Kilograms, stones and miles

I had a few minutes today between an interview and dinner so I decided to sneak in a quick run. Being in Oxford, I assumed the treadmill was calibrated in kilometers like many countries in Europe. I did a quick mental calculation and bumped up the speed to 12 km/hour. Or so I thought. Turns out 12 miles/hour is very, very fast! For the record, the weights were all in kilograms and the scale was in stones.

JimLinwood I recovered from my 12mph sprint with the OSS Watch folks and Richard Melville from UKUUG with a glass of mulled wine at the Turf Tavern. I found it fascinating that it's been a tavern since the 17th century. Ross Gardler and Gabriel Hanganu took me on a short walk this afternoon and I have to say the whole city of Oxford is fascinating. (I also learned this is where my alma matter Rice University got the college system. And where the dining hall scenes in the Harry Potter movies were filmed.)

Photo by Jim Linwood.

5 Replies to “Kilograms, stones and miles”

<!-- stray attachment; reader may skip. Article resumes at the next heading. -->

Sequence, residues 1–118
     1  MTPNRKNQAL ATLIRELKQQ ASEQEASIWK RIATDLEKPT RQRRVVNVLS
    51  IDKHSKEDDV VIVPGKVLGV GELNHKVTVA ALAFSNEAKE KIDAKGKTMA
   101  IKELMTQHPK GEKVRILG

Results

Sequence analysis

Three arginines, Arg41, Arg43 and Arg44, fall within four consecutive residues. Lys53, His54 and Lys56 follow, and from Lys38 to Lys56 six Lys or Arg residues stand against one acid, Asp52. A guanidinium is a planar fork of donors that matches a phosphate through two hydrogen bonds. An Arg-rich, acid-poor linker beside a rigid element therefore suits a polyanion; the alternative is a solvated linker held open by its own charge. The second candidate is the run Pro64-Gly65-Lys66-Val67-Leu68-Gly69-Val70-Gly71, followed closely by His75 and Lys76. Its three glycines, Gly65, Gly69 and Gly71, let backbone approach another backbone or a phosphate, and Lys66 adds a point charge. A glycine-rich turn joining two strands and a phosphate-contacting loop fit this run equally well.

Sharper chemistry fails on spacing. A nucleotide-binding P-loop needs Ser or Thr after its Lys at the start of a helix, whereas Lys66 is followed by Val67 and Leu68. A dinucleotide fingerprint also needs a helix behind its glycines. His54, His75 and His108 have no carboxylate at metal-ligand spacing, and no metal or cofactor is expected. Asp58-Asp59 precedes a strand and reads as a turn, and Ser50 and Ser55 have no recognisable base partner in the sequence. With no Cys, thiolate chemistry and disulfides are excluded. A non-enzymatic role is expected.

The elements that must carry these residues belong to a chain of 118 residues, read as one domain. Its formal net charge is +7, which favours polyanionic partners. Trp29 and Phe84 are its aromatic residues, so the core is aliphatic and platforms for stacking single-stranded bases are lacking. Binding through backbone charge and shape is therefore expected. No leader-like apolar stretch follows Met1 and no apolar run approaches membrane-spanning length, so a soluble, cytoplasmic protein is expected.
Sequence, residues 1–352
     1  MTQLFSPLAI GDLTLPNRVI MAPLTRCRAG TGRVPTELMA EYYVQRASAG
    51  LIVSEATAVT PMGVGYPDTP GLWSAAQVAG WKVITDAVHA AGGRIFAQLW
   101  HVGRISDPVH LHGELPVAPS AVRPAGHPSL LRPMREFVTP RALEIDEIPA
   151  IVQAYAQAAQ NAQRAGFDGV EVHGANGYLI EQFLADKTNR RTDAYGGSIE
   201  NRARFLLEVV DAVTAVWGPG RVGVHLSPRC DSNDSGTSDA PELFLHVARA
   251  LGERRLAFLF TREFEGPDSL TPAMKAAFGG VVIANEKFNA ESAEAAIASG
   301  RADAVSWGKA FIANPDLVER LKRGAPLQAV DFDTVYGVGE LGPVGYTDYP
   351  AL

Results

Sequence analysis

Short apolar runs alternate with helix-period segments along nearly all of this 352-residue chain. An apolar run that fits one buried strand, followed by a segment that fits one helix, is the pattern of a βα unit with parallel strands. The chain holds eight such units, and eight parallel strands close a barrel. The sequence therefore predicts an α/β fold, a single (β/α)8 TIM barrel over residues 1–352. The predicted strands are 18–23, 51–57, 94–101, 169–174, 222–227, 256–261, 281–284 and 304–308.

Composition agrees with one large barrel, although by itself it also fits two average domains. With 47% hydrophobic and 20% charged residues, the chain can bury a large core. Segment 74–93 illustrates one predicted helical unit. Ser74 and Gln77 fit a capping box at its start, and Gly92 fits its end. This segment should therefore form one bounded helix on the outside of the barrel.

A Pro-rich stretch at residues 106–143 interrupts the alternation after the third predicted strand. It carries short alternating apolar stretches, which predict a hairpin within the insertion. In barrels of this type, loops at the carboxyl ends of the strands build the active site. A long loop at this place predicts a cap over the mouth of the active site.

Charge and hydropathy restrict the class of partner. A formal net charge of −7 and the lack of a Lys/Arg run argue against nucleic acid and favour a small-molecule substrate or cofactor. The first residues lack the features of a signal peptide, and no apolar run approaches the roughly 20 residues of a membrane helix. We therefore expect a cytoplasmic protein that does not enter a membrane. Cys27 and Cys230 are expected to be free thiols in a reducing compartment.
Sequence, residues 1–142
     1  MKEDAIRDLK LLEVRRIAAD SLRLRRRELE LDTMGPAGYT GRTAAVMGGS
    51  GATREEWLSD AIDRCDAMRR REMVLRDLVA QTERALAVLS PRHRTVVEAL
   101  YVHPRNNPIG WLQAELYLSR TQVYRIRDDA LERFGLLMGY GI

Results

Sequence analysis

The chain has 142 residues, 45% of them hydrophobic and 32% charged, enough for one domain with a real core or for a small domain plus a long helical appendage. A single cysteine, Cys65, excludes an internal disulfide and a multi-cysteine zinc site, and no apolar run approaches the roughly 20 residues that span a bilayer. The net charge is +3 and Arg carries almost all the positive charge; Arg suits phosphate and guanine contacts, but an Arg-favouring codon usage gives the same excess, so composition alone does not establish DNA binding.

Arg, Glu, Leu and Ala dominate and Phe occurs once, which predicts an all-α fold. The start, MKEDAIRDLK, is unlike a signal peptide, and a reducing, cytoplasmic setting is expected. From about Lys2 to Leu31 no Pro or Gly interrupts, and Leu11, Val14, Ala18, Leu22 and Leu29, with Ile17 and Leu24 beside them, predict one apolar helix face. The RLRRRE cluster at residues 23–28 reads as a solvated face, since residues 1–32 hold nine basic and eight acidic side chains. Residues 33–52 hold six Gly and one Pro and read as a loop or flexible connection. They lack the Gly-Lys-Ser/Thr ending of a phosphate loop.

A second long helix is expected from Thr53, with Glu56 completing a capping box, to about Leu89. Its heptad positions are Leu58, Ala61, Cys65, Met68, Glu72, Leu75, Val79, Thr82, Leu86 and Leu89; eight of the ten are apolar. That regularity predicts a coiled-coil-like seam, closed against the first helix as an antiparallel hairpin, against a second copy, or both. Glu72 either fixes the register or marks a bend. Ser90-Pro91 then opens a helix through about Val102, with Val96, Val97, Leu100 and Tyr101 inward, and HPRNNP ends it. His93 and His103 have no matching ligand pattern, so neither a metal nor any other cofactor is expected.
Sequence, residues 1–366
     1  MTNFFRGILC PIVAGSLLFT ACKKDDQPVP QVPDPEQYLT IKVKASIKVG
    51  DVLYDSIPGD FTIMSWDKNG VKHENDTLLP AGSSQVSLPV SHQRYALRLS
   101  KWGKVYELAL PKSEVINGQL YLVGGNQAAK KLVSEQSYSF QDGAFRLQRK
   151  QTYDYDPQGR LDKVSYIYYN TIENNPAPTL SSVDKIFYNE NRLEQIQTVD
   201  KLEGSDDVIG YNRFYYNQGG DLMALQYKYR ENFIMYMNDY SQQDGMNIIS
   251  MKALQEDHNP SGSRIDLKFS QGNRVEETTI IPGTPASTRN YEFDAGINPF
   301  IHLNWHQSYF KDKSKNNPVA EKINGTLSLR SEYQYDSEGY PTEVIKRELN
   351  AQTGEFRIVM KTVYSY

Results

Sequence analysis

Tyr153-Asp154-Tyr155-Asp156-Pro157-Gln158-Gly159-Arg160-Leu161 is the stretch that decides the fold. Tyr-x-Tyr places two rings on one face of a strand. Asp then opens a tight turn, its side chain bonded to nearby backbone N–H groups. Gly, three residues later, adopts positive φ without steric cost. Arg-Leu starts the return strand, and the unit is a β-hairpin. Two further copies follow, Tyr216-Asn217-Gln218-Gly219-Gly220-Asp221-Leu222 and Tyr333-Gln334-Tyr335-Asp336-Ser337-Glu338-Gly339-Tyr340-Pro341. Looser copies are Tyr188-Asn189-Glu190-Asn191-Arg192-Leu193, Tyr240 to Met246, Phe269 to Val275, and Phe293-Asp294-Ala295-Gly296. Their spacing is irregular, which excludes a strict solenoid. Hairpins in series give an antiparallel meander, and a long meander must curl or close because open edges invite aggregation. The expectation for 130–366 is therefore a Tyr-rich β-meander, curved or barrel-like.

1. And in Ireland the road distances are displayed in kilometres if the sign has san-serif typeface, or miles if it is serif…

  2. There was a good QI episode where they covered this…
    If the temperature is hot then we use Farenheight, but if cold then Celsius.
    Distances are metric up until miles.
    Speed is in mph.
    Efficiency is in mpg.
    Petrol is in litres.
    Milk comes in pints in bottles, or litres in cartons.
    All other drinks are metric except beer in pint or 1/2 pint glasses.
    So yes… a mess 🙂

  3. Then they might have one of the few populations in the world where everyone knows the difference between serif and san-serif!

  4. it’ll take a few decades to make the full switch to metric, and for a long time it’ll be a mixture…

  5. *Very* few road signs in Ireland still show miles, though, except for the occasional really old one out in the country. That was true even before I moved here 10 years ago.
    Until the recent switchover from mph to km/h, though, it’s certainly true that all the distances were shown in kilometres, while all the speed limit signs were in miles per hour…

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